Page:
"Some IDs, if you try and change the birth date on the front, sometimes it's getting so good that you can do that," Hayes said. "But the ID scanner can tell you the actual date of birth in the magnetic strip or the scan code."

Information in the unit includes databases for all the U.S. states and Canadian provinces, plus military IDs. In Lake Placid, however, checking for international customers is more of a challenge, one that bar owners quickly asked Hays about when they received their units. Hayes said she's not sure whether the bar owners can add international databases to their scanners, but they should rely on the old-school methods for customers outside the U.S. and Canada.

"In some cases, they would probably look at passports," Hayes said. "At least that would be my recommendation because the international licenses are so tough to look at nowadays."

Hayes said underage drinking continues to be a national problem. It's a bigger problem in New York state and the rest of the Northeast, according to the 2012 National Survey on Drug Use and Health.

Rates of underage drinking in the past month were highest in Vermont. Other states in the Northeast among the top 10 nationally with the highest rates of past-month underage alcohol use included New York Connecticut, Massachusetts, New Hampshire, and Rhode Island. New York also had one of the highest rates (15 percent) of past-month underage self-purchase of alcohol.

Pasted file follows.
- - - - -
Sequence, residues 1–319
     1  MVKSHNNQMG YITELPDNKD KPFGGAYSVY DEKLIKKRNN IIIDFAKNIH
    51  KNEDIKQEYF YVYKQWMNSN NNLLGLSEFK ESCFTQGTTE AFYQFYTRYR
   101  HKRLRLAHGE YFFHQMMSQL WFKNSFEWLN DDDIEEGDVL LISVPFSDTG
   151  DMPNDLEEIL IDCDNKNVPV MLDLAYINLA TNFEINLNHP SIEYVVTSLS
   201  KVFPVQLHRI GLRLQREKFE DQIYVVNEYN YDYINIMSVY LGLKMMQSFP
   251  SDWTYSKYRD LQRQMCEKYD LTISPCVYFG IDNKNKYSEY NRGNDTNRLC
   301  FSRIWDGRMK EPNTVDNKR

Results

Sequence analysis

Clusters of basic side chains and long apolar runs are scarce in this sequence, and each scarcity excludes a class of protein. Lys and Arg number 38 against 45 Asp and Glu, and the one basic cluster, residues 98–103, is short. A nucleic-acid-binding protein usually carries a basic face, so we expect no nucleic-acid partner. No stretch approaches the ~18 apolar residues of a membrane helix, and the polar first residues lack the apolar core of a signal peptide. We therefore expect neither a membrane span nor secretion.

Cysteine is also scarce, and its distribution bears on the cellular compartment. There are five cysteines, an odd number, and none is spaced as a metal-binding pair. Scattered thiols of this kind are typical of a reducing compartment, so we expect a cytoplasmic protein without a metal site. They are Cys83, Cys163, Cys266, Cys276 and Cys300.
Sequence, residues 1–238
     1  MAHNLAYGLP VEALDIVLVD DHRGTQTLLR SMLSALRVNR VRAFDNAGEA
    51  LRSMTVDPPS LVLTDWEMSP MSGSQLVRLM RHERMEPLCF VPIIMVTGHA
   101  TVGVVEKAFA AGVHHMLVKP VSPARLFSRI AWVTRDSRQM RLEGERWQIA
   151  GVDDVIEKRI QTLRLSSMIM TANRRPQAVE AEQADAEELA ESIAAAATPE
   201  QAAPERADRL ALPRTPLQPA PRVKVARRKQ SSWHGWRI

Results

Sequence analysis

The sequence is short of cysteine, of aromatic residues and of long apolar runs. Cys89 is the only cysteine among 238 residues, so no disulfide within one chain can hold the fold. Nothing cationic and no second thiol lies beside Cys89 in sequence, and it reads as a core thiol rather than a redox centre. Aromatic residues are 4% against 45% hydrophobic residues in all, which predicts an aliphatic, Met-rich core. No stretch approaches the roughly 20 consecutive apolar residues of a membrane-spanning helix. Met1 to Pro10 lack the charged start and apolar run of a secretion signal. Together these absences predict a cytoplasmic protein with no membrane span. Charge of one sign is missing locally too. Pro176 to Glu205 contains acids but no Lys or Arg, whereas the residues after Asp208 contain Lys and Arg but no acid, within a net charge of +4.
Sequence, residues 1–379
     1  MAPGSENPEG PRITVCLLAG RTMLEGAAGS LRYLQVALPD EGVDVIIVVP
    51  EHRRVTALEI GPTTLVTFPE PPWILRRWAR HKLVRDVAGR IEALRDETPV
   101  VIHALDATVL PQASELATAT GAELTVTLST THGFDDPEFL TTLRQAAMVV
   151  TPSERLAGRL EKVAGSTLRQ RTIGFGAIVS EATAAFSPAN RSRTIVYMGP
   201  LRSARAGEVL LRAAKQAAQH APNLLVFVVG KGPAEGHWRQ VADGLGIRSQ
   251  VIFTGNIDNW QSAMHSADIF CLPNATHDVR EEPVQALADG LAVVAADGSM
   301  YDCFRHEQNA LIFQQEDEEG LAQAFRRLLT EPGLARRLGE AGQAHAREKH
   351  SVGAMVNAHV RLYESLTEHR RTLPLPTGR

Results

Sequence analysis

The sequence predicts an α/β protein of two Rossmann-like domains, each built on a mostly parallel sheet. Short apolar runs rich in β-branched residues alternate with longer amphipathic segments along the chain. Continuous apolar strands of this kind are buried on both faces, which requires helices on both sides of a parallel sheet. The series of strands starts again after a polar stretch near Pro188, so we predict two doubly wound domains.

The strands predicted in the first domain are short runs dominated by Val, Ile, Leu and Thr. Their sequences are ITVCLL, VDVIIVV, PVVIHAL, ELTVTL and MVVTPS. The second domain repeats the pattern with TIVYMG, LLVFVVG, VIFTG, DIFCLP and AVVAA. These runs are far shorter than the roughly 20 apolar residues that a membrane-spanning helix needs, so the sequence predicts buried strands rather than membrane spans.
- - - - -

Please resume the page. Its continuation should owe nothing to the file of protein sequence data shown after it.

When she was on the local police force, Hayes said she saw underage drinking, but teens tried to avoid being caught inside the village limits.

"A lot of them were out in the fields and out in the woods, but nowadays it's going into private homes," Hayes said.

That observation reflects results from the 2012 Prevention Needs Assessment Survey in Essex County, administered by the Essex County Youth Bureau in collaboration with The Prevention TEAM. The survey was conducted in Essex County schools (grades 7-12).

One question in the survey asked, "During the past year, did you drink alcohol at any of the following places?" For grades 7-12, an average of 12.8 percent of students said yes for "restaurant, bar or night club." By grade, the results were more revealing: 6.1 percent for grade 7; 7.8 percent for grade 8; 5.4 percent for grade 9; 14.5 percent for grade 10; 16.2 percent for grade 11; and 20.6 percent for grade 12.

An average of 32 percent of students in grades 7-12 said yes to "at someone else's home with my parents' permission." An average of 37 percent said yes to "at an open area like a park, beach or back road." An average of 39 percent said yes to "at my home with my parents' permission. And an average of 70 percent said yes to "at home or someone else's home without any parent permission."

With the ID scanner program as an example, CYC officials continue to take a proactive stance in order to achieve their goals and fulfill their mission.

"Through various initiatives, including ID scanners, compliance checks and patrols, alcohol beverage server training and the Power of Parents Program, local establishments, the CYC and the law enforcement task force are all working together in taking that extra step in the prevention of underage drinking by our youth," Hayes said.

For more information on CYC programs or to request the use of an ID scanner at a special function, contact Carol Hayes at 518-523-2474 ext. 4021 or by email at